Sometimes I’m a bad blogger. I get so caught up in the steps of a project that I forget to photograph what I’m doing. After final-shaping the hanger brackets I drilled the mortises in the stretchers. Using through-mortises here made fitting and assembly much easier, since I could use a float to adjust the fit of the joint. In fact, the joinery was good enough that clamps weren’t needed to hold the parts together. This was good, since I had no idea how I was going to clamp such oddly shaped pieces. After that, I did the rest of the glue-up as a single step. This might seem odd, but the shape and fit of the various pieces made this practical. However, as you can see from the photo above, it made for an odd combination of clamps.
When the clamps came off, I saw that the feet weren’t quite level, and the rack rocked a bit. This was not unexpected, and in fact is almost inevitable. One of a woodworker’s prime functions is to level out the accumulated errors of construction so that everything fits correctly. In this case, a little planework to make the bottom of the feet coplanar solved the problem. In doing this, I also had a chance to angle the verticals slightly forward so that the brush bristles were clear of the lower stretcher, thus reducing finish damage from water. I had toyed with the idea of adding small risers to the feet, but discarded it due to the look it gave the piece.
Once the feet were leveled and everything was sanded, it was time for the finish. I decided on sprayed shellac, since it’s an easy finish to renew, and some water damage will be inevitable no matter what. For a project this size, the airbrush is the perfect tool, and handled the SealCell without problems straight out of the can with a #3 needle and tip. A quick sand with 220 grit and another coat, and this project was done.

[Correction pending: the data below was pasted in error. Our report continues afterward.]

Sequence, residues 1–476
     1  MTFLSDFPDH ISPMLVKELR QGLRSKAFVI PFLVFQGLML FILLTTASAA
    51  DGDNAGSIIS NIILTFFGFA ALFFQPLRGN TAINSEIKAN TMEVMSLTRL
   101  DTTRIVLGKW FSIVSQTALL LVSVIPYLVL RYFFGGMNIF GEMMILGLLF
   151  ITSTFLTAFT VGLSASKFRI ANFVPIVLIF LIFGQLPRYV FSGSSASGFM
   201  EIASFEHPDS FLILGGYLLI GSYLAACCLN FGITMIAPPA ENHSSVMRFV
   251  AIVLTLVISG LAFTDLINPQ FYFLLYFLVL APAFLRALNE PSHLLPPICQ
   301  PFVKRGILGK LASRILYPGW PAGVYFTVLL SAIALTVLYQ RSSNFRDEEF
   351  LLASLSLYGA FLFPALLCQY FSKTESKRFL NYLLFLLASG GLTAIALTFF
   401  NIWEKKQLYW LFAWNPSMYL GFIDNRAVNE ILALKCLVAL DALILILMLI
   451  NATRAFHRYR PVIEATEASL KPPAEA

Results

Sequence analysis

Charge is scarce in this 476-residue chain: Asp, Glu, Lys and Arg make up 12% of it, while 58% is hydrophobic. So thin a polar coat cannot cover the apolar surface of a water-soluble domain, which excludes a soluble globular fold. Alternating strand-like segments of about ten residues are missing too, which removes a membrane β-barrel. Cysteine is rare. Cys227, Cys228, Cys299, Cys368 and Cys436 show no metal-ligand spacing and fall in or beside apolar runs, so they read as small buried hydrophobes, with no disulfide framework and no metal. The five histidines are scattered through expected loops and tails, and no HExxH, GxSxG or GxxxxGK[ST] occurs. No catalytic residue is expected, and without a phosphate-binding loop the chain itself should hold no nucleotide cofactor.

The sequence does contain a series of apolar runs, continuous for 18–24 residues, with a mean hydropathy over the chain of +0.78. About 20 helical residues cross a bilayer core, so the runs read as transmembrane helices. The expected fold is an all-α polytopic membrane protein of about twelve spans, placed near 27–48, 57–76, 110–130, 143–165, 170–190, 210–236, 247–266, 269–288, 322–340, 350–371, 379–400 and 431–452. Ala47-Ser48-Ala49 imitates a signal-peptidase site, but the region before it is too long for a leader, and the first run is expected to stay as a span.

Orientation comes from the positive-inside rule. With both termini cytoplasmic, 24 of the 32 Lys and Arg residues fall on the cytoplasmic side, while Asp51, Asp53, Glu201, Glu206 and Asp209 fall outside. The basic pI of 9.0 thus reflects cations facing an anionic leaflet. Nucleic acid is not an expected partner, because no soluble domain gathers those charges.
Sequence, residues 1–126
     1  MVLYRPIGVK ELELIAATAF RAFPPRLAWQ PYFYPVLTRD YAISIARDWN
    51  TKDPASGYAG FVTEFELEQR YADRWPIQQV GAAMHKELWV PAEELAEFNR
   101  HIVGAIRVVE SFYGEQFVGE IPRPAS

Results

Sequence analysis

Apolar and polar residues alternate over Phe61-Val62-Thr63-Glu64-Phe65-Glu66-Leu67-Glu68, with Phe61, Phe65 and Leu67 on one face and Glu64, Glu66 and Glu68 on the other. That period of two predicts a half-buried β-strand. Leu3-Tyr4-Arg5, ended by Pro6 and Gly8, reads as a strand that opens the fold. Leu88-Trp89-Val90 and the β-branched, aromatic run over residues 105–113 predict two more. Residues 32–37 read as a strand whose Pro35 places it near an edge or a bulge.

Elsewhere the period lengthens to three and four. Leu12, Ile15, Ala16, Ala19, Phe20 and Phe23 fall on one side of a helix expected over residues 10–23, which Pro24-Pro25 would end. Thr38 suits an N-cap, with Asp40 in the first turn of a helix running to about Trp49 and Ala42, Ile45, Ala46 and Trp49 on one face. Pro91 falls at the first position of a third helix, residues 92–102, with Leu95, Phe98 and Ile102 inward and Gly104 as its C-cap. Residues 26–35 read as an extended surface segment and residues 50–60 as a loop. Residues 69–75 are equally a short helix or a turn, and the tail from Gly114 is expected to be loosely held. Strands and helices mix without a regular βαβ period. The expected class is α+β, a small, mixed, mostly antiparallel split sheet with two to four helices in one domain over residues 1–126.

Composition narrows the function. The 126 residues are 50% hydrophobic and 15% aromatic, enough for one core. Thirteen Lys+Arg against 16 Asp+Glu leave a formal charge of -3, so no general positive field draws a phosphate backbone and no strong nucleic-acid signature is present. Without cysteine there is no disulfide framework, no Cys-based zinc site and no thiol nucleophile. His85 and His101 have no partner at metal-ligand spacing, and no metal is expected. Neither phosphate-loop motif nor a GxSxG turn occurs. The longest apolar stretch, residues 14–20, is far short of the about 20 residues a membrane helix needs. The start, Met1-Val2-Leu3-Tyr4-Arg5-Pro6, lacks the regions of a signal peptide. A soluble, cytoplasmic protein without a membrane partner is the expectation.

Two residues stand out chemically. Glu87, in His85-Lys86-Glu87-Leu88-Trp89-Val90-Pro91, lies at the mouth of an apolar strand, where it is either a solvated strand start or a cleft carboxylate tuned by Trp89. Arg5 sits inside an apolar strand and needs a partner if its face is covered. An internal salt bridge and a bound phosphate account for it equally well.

And here is the rack standing in its permanent home. If you look in the mirror, you can see the through mortises on the back of the upper stretcher. As I thought, the razor bracket in the middle does look bigger, but it’s also shaped somewhat differently, so I don’t think the overall effect is troubling. It is definitely minimized with the razor in place, as in the picture below. This shows the rack fulfilling its intended function, hopefully for many years to come.
People have wondered why I designed this project for one razor and two brushes. I’m not a big collector of razors or brushes, though I DO have a fondness for shaving soaps and aftershaves. One razor and matching blade that works well is all I would use in any given stretch of time. However, having two brushes allows me to use them in rotation, thus giving time for each brush to dry out completely between uses, reducing the possibility of mildew. This is along the same lines as alternating pairs of shoes to allow them to dry and prolong their useful life.
This has been a fun project that allowed me to work purely from an idea and a rough sketch, and let me make use of some of the little good pieces I had stashed but had forgotten about. If this has piqued your interest in double-edge shaving, check out the wonderful instructional website, Shaving 101. It can get you started on the road to an enjoyable morning ritual.